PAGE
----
Changing Jobs? What Will Become of Your 401(k) Balance?

Changing Jobs? What Will Become of Your 401(k) Balance?

Bowman & Co
Posted by Bowman & Co on Aug 9, 2019 11:00:00 AM

Concept of important choices of a businessmanMost private sector employers, for better or worse, put you in the driver's seat when it comes to saving for retirement. If you're a genuinely savvy and diligent investor, you might prefer the flexibility of rolling over your accumulated retirement savings into an IRA. This choice assumes, however, that your next employer's 401(k) plan allows you to move money into it from another 401(k) plan. Most, but not all, do. Keep in mind, there are some important distinctions between IRAs and 401(k)s that matter to retirement investing sophisticates and novices alike:

  • One bit of flexibility 401(k) plans typically offer is that you can borrow against your plan account balance penalty-free. (You'll need to pay your account interest on the loan.) Loans aren't possible with an IRA. And it might take you a while to accumulate enough money in a new 401(k) that you're starting without a rollover to make a loan worthwhile.
  • Another plus for rolling over to your new employer's 401(k) is that assets held in qualified retirement plans — which don't include IRAs — are generally off-limits from debt collectors. There are exceptions, such as qualified domestic relations orders, money you owe the IRS and federal criminal cases. IRA assets can enjoy some protection from creditors, but the extent varies according to state law.

"Rule of 55" 

Also, under some circumstances, you can take funds out of a 401(k) plan earlier than you can from an IRA without paying the 10% early withdrawal penalty that usually applies to withdrawals prior to age 59 1/2. The "rule of 55," as it's known, lets you start taking money out of your current 401(k) plan the year you turn 55 if you leave that job (whether it was your decision or your employer's). However, it only applies to dollars you put into the plan during your stint with your most recent employer. So, you wouldn't be penalized for having rolled over 401(k) dollars from a prior employer to an IRA, but it's still useful to know about.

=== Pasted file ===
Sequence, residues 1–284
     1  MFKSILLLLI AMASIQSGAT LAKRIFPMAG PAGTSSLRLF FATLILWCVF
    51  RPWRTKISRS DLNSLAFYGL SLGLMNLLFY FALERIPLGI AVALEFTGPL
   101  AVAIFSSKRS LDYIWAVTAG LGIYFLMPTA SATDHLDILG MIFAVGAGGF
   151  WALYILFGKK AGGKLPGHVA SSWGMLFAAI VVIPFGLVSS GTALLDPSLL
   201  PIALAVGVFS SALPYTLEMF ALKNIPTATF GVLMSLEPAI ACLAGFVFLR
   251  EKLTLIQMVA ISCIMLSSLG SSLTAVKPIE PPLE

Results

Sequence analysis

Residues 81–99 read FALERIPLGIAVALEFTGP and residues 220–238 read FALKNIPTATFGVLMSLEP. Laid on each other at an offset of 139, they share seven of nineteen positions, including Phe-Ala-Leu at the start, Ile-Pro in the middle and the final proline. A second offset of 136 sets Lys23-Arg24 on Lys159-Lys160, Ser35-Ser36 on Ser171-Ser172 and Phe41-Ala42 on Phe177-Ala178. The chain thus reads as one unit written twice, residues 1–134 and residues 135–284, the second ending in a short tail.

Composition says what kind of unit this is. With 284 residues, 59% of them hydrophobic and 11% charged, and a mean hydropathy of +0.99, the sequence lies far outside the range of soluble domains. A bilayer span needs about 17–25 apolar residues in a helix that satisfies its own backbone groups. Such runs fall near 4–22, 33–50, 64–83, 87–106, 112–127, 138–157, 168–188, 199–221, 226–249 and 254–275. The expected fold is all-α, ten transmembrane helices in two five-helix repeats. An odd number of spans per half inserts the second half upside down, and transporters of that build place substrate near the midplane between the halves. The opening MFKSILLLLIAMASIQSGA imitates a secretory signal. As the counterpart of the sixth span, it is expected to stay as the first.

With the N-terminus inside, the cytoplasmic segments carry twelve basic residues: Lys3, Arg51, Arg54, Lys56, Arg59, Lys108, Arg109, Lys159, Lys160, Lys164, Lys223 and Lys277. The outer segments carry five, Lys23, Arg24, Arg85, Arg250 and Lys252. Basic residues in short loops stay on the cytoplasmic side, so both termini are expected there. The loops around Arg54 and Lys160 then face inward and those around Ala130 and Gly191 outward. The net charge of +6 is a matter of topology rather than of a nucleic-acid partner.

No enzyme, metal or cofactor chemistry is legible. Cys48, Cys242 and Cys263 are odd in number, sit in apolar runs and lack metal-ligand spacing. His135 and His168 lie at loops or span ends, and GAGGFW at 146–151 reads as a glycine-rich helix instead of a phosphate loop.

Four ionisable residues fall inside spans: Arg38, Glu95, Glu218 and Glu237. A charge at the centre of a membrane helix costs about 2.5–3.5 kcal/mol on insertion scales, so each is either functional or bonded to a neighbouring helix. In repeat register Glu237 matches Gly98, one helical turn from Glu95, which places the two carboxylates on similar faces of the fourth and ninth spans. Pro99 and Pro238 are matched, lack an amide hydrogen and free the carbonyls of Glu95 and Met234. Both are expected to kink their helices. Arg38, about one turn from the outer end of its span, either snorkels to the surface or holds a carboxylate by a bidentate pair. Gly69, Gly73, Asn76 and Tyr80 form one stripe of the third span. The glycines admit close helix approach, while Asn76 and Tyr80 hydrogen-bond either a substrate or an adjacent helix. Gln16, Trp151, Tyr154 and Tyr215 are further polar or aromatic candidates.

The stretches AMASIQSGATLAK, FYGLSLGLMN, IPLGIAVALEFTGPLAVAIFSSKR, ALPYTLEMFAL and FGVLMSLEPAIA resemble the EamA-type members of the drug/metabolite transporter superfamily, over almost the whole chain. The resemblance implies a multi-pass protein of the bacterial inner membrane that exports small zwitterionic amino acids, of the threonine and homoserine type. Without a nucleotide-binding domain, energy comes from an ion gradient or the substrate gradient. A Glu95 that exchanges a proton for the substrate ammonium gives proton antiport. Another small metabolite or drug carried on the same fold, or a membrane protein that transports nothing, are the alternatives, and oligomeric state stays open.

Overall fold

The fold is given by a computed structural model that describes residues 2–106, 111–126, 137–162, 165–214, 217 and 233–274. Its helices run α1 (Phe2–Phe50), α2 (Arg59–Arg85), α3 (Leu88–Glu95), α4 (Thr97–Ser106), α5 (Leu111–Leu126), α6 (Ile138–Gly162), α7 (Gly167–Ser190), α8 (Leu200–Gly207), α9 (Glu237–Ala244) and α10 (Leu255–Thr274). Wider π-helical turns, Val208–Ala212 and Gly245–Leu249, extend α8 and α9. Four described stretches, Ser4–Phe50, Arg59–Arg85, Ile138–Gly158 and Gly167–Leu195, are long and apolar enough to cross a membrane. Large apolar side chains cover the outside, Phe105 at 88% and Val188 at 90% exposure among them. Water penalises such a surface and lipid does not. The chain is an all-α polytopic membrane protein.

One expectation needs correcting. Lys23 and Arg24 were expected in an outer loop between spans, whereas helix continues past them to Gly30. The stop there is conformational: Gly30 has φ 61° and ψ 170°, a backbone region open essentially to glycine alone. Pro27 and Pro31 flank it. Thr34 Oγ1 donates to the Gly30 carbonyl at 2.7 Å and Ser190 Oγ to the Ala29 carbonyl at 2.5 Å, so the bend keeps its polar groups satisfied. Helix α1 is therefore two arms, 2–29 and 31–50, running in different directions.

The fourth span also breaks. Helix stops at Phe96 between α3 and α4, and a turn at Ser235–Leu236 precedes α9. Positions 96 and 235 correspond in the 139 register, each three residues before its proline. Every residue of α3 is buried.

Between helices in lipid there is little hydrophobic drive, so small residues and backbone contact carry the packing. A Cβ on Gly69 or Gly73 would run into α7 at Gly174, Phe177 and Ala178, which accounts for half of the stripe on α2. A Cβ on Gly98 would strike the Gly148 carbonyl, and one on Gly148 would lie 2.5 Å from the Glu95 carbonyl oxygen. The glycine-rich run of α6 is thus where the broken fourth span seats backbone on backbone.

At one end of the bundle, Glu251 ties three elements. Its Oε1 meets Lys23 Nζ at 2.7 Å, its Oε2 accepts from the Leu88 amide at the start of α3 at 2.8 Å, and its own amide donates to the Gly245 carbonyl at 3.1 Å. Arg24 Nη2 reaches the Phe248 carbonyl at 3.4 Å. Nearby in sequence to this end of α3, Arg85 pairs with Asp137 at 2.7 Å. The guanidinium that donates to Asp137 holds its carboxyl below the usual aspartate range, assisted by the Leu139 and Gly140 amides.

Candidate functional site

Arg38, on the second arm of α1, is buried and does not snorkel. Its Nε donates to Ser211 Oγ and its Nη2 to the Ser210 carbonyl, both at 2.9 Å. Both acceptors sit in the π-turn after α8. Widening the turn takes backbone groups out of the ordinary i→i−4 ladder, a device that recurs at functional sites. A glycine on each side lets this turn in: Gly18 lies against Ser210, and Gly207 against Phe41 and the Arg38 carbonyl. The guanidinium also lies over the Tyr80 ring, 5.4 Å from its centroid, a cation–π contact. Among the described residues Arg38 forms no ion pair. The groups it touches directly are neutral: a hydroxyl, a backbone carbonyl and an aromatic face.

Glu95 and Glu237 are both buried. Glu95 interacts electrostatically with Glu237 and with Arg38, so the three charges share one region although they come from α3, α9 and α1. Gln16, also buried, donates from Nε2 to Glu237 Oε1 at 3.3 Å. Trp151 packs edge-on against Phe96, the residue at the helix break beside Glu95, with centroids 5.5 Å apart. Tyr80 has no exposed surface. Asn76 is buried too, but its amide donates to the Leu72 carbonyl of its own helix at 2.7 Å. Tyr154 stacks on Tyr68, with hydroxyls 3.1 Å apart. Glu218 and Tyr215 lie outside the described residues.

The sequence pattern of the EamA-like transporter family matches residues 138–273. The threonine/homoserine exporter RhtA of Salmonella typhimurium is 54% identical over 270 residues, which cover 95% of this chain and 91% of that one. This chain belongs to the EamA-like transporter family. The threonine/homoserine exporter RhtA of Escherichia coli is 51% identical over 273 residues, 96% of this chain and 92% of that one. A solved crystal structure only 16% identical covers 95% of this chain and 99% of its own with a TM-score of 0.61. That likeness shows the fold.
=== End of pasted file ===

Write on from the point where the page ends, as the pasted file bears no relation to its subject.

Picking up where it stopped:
If none of those considerations matters a great deal to you, you can move to the next level of comparisons — investment options and costs. Suppose you're relatively close to retirement and want to be very conservative with your investments. "Stable value" funds are a popular option for conservative investors. These are essentially bond portfolios that provided a fixed return over a set period, backed by an insurance company guarantee. They're available only in 401(k) plans, not IRAs.

In theory, though, you can get just about any other kind of investment in an IRA. However, your IRA investment options will vary based on the financial institution you choose as your custodian. Also, some financial services companies give you incentives to invest in their own financial products, and penalize you if you opt for outside funds. That's fine if you're content with the firm's own investments, but no one wants to feel trapped.

Focus on Fees

A broader potential hazard associated with IRAs is being stuck with "retail" class shares of mutual funds. Such shares carry higher fees than "institutional" shares generally (but not always) available to 401(k) investors. But you also need to consider differences in total expenses charged against your retirement assets, including 401(k) plan administrative costs. Often smaller employers pay higher administrative fees than larger plans, and those fees are typically borne by employees.

Even relatively small differences in combined fees can have a big impact on your retirement savings accumulation over time. For example, paying a half a percent more in annual fees on $12,000 in annual retirement savings over a 25-year period would reduce those savings by $65,000.

The quality and independence of the investment advice you'd receive in either scenario could also be an important consideration for your rollover decision. Employers generally use 401(k) advisors who are held to a "fiduciary" standard of care. The person or people within a company in charge of a 401(k) plan are also considered fiduciaries. This means they're legally bound to act in your best interest — and vulnerable to being sued if they don't. If you work with a traditional broker with your IRA, he or she might not be held to such a high standard.

That distinction doesn't guarantee that one advisor will be better than the other, but it's an important factor to take into consideration. Also, a relatively new player on the investment management scene — the "robo-advisor" — is an investment platform for IRA (and other) investors that can guide your choices with computer-generated recommendations.

Given the high stakes, don't rush your decision on what to do with your 401(k) funds from a former employer. Chances are that your employer won't try to force you to move your funds out of their plan — especially if you have at least $5,000 in your account. If that's the case, you can take as long as you want to decide — including the choice of leaving the money right where it is.

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